Monday, July 30, 2007

Music on the Library Steps

Monday nights in the summer mean “Music on the Steps” of the downtown library. Local bands play crowd-pleasing music to the small audience that gathers on the grass and walkways in front of the building. The concert is short—just an hour—but it gives me something to look forward to at the otherwise occasionally depressing start of the workweek. I always see a few familiar faces, and there is usually a toddler or two entertaining the crowd with funny dance moves. It really doesn’t matter who the group is, I just enjoy relaxing outside in my comfy lawn chair, and usually nodding off by the third song.

Last week’s performers were the Believers, a local bluegrass band (shown in the photo) that plays regularly at the Rec Center on William St. Tonight it was Jim Canty & Friends, a jazz combo playing oldies and very oldies to a crowd made up largely of oldies and very oldies. If, like tonight, there have been thunderstorms anytime during the day, or if there is a slight chance of rain, or if the distant rumble of thunder can be heard miles away despite the sky above the library being perfectly clear, the organizers will set up the show inside in the theater, which is always a disappointment for me, because I have to sit upright in my chair without dozing off. Next week, local guitarist Pete Fields will be playing. Check out the rest of the summer schedule here.

Sunday, July 29, 2007

Miss Fredericksburg Fair

The Miss Fredericksburg Fair pageant is the real reason my husband and I continue going to the fair year after year. And while this year’s exhibits may have been a letdown, we’ve decided that the pageant is better than ever. When we first started going years ago, it was to get a mocking chuckle out of the hokiness of it all, with the high school girls whose ambitions always included following two wildly divergent career paths simultaneously, one always geared toward selfless community service, and the other to insure celebrity. “I want to be a nurse and an actress” or “I want to be a special education teacher and a television spokesmodel.” It was all cheesy smiles and cliched answers to trite questions...typical pageant stuff. Don’t get me wrong—there’s still plenty of that. Just like always, the opening act and emcee is Bob Williams, a lounge singer in a loud suit and a long, gray ponytail who sings pop standards to taped music (but who seems like the sweetest of guys, really, and who I will miss if he ever retires). The girls still change clothes three times, to include at least one outfit that none of these girls would actually ever wear in public. And there is still the awkward walk up the runway in too-high heels and an overly sparkly prom dress.

But several years ago, just like in the big leagues, pageant organizers added a “personal platform” component, where the girls had to come up with issues they wanted to publicize. Most of the girls choose pretty tame stuff—advocating for research into a cure for whatever their grandmother/best friend/favorite teacher died of, saying no to drugs or drunk driving, anything involving children. But last night, one of the contestants talked about the genocide in Darfur. Yikes! And trust me, the demographic that the fair attracts is not your sensitive-to-global-atrocities type. So kudos to her. The average contestant was more likely to be in college or college-bound (or at least making a go of it at the community college), and some of the girls were fuller-figured. Well, of course we’re not ready for a fuller figured fair queen yet, and the winner was chosen more for her ability to walk well in heels and look good in photos than for a cutting edge platform, but clearly, the pageant is giving a nod to a future where contestants will be in it more for the scholarship money than the tiara, where they will be (reasonably) educated young women with interests beyond this little burg, and where not a single one will express the ambition to be a celebrity anything.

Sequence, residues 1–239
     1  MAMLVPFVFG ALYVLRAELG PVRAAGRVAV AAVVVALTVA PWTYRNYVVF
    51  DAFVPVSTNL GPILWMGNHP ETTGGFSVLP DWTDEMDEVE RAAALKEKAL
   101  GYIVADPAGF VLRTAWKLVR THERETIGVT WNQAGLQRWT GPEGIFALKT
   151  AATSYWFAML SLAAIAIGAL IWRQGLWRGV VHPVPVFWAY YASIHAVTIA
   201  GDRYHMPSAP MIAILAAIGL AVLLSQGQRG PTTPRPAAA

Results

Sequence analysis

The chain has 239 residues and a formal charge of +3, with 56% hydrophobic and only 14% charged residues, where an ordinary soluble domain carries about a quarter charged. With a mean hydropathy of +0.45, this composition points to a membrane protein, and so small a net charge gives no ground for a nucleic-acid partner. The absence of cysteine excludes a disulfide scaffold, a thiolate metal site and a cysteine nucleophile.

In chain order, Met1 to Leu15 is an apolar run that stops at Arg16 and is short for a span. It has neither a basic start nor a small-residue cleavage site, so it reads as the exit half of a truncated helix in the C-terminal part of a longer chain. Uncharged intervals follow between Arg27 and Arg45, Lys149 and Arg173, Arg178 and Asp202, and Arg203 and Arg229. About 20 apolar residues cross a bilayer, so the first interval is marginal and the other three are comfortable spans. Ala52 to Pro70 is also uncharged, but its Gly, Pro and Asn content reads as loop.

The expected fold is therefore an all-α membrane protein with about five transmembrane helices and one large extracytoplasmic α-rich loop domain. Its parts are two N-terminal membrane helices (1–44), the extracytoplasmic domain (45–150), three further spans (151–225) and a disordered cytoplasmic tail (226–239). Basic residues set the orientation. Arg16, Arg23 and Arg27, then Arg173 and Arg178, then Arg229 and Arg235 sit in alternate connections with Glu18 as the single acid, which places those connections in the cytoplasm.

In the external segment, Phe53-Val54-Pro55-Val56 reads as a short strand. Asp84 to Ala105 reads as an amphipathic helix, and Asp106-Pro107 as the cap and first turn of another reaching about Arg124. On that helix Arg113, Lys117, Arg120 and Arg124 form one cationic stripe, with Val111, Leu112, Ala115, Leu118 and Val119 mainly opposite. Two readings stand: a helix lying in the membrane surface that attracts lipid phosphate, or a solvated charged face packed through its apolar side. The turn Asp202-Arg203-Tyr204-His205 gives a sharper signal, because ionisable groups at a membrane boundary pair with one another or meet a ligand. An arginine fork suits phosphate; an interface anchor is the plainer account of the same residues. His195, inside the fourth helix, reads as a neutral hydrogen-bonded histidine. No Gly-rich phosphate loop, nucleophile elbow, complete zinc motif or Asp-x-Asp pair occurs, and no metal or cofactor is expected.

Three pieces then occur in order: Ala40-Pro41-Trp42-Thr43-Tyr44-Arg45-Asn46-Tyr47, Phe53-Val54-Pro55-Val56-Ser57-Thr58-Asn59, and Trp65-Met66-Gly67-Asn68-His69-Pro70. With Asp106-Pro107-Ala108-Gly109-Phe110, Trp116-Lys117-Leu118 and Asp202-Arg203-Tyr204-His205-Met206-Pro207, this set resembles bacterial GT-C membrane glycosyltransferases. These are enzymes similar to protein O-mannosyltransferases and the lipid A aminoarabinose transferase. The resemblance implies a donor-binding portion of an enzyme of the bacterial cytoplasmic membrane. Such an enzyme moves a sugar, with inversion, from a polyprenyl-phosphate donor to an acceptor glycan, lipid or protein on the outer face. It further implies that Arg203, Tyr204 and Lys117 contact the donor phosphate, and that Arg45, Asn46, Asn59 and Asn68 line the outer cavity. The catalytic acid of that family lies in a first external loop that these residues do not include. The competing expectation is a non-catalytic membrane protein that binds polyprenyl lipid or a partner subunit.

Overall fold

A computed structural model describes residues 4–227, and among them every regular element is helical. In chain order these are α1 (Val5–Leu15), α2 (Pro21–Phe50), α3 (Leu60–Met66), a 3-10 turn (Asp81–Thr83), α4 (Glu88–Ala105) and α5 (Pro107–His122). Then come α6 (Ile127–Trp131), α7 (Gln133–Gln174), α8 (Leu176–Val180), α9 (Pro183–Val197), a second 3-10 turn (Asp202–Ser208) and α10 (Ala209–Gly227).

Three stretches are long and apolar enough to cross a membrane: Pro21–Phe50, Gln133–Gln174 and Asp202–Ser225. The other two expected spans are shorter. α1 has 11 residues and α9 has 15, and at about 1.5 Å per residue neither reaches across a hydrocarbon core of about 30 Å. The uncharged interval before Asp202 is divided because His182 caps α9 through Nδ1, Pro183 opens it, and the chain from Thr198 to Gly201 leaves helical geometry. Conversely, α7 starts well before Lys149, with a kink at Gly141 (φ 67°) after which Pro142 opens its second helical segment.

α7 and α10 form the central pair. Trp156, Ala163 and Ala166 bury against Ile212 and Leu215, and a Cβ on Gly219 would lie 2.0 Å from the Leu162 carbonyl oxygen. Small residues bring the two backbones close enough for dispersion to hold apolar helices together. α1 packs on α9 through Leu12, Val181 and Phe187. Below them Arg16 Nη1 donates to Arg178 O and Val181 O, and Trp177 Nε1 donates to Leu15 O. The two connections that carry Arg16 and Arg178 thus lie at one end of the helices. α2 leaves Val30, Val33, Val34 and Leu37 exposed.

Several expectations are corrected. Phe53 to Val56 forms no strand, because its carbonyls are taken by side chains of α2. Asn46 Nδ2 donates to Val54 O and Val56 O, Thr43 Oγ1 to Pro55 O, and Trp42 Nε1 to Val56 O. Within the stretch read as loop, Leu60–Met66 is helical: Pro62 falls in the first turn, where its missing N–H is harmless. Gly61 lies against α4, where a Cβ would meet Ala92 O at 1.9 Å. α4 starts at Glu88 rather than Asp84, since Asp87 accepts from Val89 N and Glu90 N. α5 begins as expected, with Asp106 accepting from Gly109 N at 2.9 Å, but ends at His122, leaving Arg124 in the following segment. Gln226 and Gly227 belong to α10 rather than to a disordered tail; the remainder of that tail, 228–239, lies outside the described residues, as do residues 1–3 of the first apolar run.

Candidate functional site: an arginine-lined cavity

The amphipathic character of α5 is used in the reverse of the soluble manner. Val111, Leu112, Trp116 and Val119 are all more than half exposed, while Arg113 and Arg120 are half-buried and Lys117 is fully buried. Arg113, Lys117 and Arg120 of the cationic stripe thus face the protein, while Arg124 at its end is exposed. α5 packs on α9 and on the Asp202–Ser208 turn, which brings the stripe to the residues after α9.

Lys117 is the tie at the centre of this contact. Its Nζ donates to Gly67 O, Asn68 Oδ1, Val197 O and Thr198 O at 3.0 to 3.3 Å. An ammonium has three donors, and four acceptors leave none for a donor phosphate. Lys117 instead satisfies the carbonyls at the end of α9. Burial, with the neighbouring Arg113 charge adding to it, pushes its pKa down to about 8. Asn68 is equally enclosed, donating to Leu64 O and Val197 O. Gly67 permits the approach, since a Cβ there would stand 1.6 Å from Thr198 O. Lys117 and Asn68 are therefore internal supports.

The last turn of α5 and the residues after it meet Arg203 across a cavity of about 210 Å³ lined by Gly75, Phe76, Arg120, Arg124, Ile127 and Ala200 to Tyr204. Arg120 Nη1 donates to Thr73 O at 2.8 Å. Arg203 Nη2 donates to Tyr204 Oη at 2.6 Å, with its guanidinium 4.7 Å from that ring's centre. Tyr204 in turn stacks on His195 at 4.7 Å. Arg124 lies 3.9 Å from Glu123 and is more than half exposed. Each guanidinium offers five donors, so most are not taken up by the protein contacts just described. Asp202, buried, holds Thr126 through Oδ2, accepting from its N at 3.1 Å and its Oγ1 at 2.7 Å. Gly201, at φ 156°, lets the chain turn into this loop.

Next year, it may be time to broaden our horizons and check out the Tiny Miss, the Little Miss, the Pre-Teen Miss, and the Junior Miss Fredericksburg Fair pageants. Because you can never have too many pageants, can you?

Fredericksburg Agricultural Fair

Friday was opening night of the Fredericksburg Agricultural Fair, and as has become a tradition for my husband and me, we went. The fair is one of those things that is a throwback to Fredericksburg’s more rural roots, and when we first moved here, its appeal was that it was completely different from anything we had grown up with up north. Admittedly, with fewer farms in the Fredericksburg area each year, the agricultural aspect of the fair is definitely on the wane. Most years, there have been three large buildings for the animals, one filled with chickens and rabbits, one devoted to sheep and goats, and one that has a petting area with a variety of young farm animals. Then of course there is the cow barn, where all the 4-H’ers display the cows they raised from birth. Another big building is filled with domestic arts like knitting and sewing and crafts, plus homegrown veggies and preserves. Then a commercial building filled with booths hawking things like replacement windows and hot tubs. Top this off with a midway filled with carny characters running sketchy looking amusement park rides. And on top of THAT, the highlight of a trip to the fair for us, the Miss Fredericksburg Fair pageant.